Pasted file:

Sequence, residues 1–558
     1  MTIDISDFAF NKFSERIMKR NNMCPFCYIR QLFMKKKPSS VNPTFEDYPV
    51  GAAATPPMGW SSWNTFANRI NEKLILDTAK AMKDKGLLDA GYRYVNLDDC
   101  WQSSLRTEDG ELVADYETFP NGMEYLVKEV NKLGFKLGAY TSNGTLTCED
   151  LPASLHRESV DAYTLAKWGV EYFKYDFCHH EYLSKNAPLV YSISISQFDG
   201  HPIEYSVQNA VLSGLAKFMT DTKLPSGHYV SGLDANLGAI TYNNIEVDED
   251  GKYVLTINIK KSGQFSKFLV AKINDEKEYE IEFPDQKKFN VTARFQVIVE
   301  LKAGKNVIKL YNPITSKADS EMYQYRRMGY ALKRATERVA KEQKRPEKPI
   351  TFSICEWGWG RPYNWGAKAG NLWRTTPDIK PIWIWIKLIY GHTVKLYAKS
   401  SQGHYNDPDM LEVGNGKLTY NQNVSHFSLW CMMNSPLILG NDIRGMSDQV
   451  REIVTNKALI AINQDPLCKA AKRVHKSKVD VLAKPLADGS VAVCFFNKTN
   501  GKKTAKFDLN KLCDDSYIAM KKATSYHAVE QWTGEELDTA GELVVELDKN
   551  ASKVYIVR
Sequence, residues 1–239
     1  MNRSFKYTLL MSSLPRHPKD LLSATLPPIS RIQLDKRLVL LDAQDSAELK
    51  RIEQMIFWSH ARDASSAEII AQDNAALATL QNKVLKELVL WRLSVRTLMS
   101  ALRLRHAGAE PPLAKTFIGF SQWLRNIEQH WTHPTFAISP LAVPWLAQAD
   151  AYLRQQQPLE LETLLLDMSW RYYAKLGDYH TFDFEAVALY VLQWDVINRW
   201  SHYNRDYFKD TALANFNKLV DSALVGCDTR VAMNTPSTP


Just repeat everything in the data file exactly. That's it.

Sequence, residues 1–558
     1  MTIDISDFAF NKFSERIMKR NNMCPFCYIR QLFMKKKPSS VNPTFEDYPV
    51  GAAATPPMGW SSWNTFANRI NEKLILDTAK AMKDKGLLDA GYRYVNLDDC
   101  WQSSLRTEDG ELVADYETFP NGMEYLVKEV NKLGFKLGAY TSNGTLTCED
   151  LPASLHRESV DAYTLAKWGV EYFKYDFCHH EYLSKNAPLV YSISISQFDG
   201  HPIEYSVQNA VLSGLAKFMT DTKLPSGHYV SGLDANLGAI TYNNIEVDED
   251  GKYVLTINIK KSGQFSKFLV AKINDEKEYE IEFPDQKKFN VTARFQVIVE
   301  LKAGKNVIKL YNPITSKADS EMYQYRRMGY ALKRATERVA KEQKRPEKPI
   351  TFSICEWGWG RPYNWGAKAG NLWRTTPDIK PIWIWIKLIY GHTVKLYAKS
   401  SQGHYNDPDM LEVGNGKLTY NQNVSHFSLW CMMNSPLILG NDIRGMSDQV
   451  REIVTNKALI AINQDPLCKA AKRVHKSKVD VLAKPLADGS VAVCFFNKTN
   501  GKKTAKFDLN KLCDDSYIAM KKATSYHAVE QWTGEELDTA GELVVELDKN
   551  ASKVYIVR
Sequence, residues 1–239
     1  MNRSFKYTLL MSSLPRHPKD LLSATLPPIS RIQLDKRLVL LDAQDSAELK
    51  RIEQMIFWSH ARDASSAEII AQDNAALATL QNKVLKELVL WRLSVRTLMS
   101  ALRLRHAGAE PPLAKTFIGF SQWLRNIEQH WTHPTFAISP LAVPWLAQAD
   151  AYLRQQQPLE LETLLLDMSW RYYAKLGDYH TFDFEAVALY VLQWDVINRW
   201  SHYNRDYFKD TALANFNKLV DSALVGCDTR VAMNTPSTP